SONGSOPTOK: Do you consider primary healthcare to be a fundamental right? Is it deemed as such in the society you live in? Please explain your answer with a few examples if possible.

STACIA REYNOLDS: I personally believe that primary healthcare should be an essential part of every human being, in society, as a whole. Primary healthcare, in the United States of America, is a right every person has, but healthcare is very costly. President Obama developed a health care reform, which by law, every citizen is now required to carry health insurance or be penalized. So not only is it a fundamental right in the United States, but it is a law. This law has made it difficult, for the fundamental right to heath care, to fall in any category of fairness for the citizens of the U.S.

SONGSOPTOK: What is the system of healthcare in the country and the society you live in? Is it a just and equitable system in the sense that all citizens enjoy the same benefits across economic and social classes?

STACIA REYNOLDS: The system of healthcare in the United States of America is a market based system. Insurance companies compete with each other for their business’ economic gain. This is not an equitable system; citizens of the U.S. do not receive the same benefits of healthcare across the country. Healthcare insurance carried by an individual, or a family, depends on: career, company insurance benefits, social status, and economic standing.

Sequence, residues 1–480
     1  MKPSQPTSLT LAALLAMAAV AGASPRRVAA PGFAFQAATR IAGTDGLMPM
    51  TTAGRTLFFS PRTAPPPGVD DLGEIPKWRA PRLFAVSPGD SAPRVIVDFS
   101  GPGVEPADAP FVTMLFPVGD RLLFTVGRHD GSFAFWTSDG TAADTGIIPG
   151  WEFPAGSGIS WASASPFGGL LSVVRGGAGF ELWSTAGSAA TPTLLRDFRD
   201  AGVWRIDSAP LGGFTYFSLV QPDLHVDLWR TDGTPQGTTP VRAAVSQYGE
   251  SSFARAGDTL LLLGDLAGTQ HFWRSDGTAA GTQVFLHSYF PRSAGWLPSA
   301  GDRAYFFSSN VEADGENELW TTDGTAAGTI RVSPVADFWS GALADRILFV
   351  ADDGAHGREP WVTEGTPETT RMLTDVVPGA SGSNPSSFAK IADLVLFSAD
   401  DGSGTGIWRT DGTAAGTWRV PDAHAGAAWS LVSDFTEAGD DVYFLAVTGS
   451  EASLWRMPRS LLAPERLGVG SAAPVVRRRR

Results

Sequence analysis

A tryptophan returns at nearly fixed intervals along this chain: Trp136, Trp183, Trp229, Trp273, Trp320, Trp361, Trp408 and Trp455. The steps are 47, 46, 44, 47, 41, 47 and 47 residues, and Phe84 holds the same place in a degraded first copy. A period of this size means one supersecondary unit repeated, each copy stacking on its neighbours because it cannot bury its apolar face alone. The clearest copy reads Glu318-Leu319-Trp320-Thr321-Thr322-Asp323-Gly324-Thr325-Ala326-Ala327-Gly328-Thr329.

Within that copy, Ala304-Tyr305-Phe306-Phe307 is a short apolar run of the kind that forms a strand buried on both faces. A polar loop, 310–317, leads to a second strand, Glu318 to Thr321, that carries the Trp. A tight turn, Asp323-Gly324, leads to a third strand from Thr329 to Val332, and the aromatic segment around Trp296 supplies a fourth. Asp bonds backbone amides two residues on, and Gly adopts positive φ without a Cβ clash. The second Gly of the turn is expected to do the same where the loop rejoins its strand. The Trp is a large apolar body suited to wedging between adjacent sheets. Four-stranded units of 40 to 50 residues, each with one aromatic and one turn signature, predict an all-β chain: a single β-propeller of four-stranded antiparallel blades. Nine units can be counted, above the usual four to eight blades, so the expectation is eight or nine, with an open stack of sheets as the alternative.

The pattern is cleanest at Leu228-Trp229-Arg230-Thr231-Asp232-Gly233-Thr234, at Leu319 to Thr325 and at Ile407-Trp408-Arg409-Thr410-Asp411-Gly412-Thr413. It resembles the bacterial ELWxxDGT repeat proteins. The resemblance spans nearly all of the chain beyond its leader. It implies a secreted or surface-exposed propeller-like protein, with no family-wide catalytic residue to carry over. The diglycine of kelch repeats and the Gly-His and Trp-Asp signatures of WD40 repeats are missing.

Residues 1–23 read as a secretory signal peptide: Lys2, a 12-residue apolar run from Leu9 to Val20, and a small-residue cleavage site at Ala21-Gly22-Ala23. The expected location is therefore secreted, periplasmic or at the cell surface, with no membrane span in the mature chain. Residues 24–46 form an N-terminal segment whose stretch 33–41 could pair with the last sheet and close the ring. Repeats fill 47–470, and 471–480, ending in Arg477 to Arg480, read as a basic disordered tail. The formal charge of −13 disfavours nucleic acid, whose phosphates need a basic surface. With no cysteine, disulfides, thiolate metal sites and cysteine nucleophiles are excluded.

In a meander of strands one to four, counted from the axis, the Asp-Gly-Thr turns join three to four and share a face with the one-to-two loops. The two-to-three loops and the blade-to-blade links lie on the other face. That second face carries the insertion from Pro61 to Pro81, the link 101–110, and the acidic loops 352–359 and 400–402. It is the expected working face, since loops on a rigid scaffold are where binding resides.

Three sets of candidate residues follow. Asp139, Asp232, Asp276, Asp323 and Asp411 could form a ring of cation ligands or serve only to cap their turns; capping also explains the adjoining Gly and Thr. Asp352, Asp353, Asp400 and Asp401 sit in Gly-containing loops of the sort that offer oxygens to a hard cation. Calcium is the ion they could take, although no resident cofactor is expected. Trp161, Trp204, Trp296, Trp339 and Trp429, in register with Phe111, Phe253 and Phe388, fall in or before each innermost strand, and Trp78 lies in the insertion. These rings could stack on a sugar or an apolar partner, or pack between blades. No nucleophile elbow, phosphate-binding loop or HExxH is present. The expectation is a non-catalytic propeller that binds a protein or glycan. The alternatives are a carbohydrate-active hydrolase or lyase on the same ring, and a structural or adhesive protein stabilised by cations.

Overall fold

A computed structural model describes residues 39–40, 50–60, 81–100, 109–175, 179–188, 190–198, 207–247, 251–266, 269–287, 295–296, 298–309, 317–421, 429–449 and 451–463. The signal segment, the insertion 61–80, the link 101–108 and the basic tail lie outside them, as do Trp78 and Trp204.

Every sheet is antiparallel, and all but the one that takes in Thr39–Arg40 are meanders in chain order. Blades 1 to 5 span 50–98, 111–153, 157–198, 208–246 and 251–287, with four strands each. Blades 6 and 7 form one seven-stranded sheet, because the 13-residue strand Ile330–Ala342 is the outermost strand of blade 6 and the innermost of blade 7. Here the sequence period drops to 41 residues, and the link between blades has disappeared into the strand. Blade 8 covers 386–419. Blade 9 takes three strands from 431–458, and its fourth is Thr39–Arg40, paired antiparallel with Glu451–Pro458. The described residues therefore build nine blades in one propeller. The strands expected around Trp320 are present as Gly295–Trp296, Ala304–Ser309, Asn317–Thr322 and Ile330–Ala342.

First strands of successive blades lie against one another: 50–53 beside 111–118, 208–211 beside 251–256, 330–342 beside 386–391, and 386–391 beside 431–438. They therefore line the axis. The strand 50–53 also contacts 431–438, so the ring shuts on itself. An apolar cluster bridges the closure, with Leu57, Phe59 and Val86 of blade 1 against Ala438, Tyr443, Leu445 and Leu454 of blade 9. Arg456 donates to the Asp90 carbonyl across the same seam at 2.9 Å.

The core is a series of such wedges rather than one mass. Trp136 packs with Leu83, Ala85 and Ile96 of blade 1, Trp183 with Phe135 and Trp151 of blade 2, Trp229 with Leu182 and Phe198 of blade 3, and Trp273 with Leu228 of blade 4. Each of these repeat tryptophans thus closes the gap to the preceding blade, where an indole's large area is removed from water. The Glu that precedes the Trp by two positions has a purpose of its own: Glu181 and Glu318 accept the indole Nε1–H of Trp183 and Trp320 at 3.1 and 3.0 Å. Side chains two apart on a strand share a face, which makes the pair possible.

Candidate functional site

SONGSOPTOK: Do you think that free healthcare cannot be a right, but it can be a privilege and a shared burden of sacrifice for the sake of the social contract?

STACIA REYNOLDS: For the sake of society, and every individual to flourish in the society, healthcare, I believe, should be a benefit everyone should have equally. Not only do I believe healthcare is a right, but should also bear, as a responsibility, of the social contract.

SONGSOPTOK: What, in your opinion, should be the role of the government for ensuring equal healthcare to all citizens? What role is played by the government of the country you live in?

STACIA REYNOLDS: The government, in my opinion, should take on the responsibility and accountability, to ensure every citizen has the same rights and freedom to healthcare, as their fellow neighbor. The United States developed a healthcare reform, within this reform the president also created an Affordable Care Act for those in the middle class, who have had a difficult time with the high cost of health insurance. The government provides Medicaid for those whose income falls below the poverty line; this is free insurance. The government also provides Medicare for those who are disabled or over 65 years in age.

SONGSOPTOK: According to the data published by World Health Organization (WHO), nearly 16 000 children under the age of 5 die every day in the world (5.9 million in 2015) from infectious, neonatal or nutritional conditions. Is this a reality in the country you live in? If so, what would your suggestions of improvement be?